Renewable Energy Markets 101
All across the United States, legislative action and consumer choice are growing demand for renewable energy. In some states, electric utilities must procure renewable energy to fulfill legal requirements (the “compliance market”). Meanwhile, many individual consumers and companies are choosing to go above and beyond these state and regional requirements through the voluntary purchase of green power products (the “voluntary market”). Both approaches are vital to bringing online new sources of clean, renewable energy.
Voluntary Market Facts
- In 2010, total retail sales of renewable energy in voluntary markets exceeded 35.6 million MWh, enough electricity to power more than 3 million homes for a year.1
- Consumers can voluntarily support renewable energy through several options, including purchasing Renewable Energy Certificates (RECs), participating in utility green power programs, or installing generation equipment on-site.
- More than 860 US utilities offer their customers Green Power Pricing programs. The overall price for renewable electricity has consistently dropped over the past seven years, resulting in an average added cost of only $5.40 per month to a household’s electric bill for clean, renewable energy.2
- In 2010, commercial (non-residential) customers accounted for 73% of total renewable energy sales in the voluntary market. Large commercial purchasers of renewable energy include Fortune 500 companies like Dell, Whole Foods, Intel, and Kohl's.3
Compliance Market Facts
- As of 2010, 29 States and the District of Columbia have enacted legislation requiring utilities to include renewable energy generation in their service grids. (This is commonly known as a Renewable Portfolio Standard, or RPS).4 Numerous other states have non-binding RPS goals.
- State requirements for RPS-eligible renewable energy sources vary by renewable resource definitions, date first online, state import vs. export quotas, REC ownership, the total RPS target itself, and any special carve outs for selected technologies (such as solar).
- Regional programs like the Regional Greenhouse Gas Initiative (RGGI), Midwestern Greenhouse Gas Reduction Accord (MGGRA), and the Western Climate Initiative (WCI) have enacted multi-state compacts to reduce carbon emissions and promote renewable energy generation.
- Renewable generation from state RPSs accounted for 55 million MWh in 2010 (surpassing the voluntary market for the first time, see figure above). For 2014, compliance markets call for an increase to more than 100 million MWh. 
Key Terms and Definitions
- Renewable Energy Certificate (REC) – A REC represents the generation of one MWh of electricity from an eligible renewable source. RECs allow owners to claim the environmental attributes associated with renewable energy generation. Read REMA's recent press release on RECs here>>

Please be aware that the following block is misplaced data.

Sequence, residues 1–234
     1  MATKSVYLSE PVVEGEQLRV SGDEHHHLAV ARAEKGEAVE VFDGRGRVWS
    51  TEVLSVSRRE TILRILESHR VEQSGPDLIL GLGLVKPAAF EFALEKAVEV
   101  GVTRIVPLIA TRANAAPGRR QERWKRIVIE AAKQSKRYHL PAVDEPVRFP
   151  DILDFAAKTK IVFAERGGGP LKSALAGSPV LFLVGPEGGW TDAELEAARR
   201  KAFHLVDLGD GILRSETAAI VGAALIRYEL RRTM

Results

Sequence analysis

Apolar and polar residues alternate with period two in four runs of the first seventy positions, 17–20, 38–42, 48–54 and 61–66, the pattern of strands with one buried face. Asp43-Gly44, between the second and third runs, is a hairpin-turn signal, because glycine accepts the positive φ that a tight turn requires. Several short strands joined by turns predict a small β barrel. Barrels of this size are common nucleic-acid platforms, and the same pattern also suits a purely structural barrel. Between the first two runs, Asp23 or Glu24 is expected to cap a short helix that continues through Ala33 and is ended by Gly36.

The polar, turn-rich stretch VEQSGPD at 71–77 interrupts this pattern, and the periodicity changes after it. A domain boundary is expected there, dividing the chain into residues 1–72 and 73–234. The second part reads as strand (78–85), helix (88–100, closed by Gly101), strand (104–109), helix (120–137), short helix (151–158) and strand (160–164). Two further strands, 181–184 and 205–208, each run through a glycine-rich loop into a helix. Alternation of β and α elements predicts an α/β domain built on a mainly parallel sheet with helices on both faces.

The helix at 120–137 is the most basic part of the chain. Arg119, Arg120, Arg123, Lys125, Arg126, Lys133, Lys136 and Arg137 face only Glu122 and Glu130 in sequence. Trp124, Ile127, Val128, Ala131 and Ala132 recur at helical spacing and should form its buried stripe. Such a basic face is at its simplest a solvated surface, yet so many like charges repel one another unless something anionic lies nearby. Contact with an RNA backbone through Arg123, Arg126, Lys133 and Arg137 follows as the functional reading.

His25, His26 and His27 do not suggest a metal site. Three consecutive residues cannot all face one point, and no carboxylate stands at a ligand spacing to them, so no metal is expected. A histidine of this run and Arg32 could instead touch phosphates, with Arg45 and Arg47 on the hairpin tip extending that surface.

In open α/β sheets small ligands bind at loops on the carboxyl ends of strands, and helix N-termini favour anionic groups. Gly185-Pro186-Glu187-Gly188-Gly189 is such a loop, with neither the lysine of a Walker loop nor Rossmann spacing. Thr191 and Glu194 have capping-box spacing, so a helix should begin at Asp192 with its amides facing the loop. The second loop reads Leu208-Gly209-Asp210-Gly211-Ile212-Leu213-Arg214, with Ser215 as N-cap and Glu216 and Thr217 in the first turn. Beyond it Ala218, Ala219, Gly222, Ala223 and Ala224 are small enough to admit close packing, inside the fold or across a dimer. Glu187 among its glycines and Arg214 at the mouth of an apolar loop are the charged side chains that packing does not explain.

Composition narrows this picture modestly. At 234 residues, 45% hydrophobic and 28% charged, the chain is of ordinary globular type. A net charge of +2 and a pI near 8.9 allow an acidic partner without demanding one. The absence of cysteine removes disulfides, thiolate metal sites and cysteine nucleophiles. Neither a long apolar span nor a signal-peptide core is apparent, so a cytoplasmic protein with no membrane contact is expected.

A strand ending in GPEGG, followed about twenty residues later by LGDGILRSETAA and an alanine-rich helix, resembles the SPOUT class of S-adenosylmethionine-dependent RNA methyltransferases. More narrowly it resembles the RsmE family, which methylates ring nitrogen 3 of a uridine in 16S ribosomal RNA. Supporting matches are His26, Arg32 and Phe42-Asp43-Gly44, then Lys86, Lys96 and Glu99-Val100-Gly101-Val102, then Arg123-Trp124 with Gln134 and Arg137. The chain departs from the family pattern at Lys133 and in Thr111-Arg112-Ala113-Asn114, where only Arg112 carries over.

- Green Power - Electricity supplied in whole or in part from renewable energy sources, such as wind and solar power, geothermal, hydropower, and various forms of biomass.7
- Renewable Portfolio Standard (RPS) – In regulated markets, electric utilities can purchase renewable energy certificates from producers of renewable energy in order to fulfill mandated renewable generation mixes. Generation percentages and source eligibility requirements vary by state.
- Green Power Pricing – Program operated by an electric utility where a rate-paying customer elects a surcharge to support added renewable energy generation.
- Megawatt Hour (MWh) – A measurement of electricity equivalent to running 1000 hundred-watt light bulbs for 10 hours. Another example: the 2008 average annual electricity consumption for a U.S. residential utility customer was about 11 MWh, an average of less than 1 MWh per month.8
 L. Bird, J. Heeter, Status and Trends in U.S. Compliance and Voluntary Renewable Energy Certificate Markets (2010 Data), Golden, CO: National Renewable Energy Laboratory, pg. 5, Oct. 2011, 18 Nov. 2011. The home-electricity equivalent was found using the U.S. Environmental Protection Agency’s Greenhouse Gas Equivalencies Calculator, http://www.epa.gov/cleanenergy/energy-resources/calculator.html, Accessed 18 Nov., 2011.
 Op. Cit. Bird et al, pg. 10.
 L. Bird, E. Holt, J. Sumner, C. Kreycik. Voluntary Green Power Market Forecast through 2015. National Renewable Energy Laboratory, May 2010.